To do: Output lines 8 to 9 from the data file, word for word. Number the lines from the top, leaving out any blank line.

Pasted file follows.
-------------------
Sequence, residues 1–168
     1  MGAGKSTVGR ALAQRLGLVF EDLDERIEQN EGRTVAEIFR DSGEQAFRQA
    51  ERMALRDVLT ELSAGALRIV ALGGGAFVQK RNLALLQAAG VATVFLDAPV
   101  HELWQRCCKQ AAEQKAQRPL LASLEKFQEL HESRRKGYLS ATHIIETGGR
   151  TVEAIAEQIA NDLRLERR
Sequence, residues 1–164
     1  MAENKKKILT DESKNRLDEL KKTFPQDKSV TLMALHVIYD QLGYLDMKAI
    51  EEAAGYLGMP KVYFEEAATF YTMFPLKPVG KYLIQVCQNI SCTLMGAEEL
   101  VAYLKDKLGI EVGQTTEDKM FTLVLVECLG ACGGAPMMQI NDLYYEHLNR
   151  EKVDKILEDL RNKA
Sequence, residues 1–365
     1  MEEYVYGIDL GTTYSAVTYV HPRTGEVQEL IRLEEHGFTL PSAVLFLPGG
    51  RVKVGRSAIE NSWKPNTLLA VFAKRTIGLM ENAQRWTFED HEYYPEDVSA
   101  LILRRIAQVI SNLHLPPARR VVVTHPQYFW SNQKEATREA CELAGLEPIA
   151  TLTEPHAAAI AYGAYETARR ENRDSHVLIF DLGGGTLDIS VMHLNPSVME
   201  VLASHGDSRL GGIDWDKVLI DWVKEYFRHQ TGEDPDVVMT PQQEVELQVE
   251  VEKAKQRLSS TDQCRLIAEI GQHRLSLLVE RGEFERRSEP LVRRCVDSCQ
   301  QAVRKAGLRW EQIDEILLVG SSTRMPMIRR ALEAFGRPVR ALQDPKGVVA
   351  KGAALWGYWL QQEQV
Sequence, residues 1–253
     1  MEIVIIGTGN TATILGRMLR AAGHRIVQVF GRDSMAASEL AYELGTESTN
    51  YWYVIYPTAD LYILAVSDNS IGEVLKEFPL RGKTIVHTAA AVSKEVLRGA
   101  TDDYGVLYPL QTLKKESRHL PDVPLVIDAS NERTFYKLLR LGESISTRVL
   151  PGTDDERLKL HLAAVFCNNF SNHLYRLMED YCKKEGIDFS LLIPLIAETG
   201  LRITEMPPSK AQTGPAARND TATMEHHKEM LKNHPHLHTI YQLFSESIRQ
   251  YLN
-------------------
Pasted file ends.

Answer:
    51  EEAAGYLGMP KVYFEEAATF YTMFPLKPVG KYLIQVCQNI SCTLMGAEEL
   101  VAYLKDKLGI EVGQTTEDKM FTLVLVECLG ACGGAPMMQI NDLYYEHLNR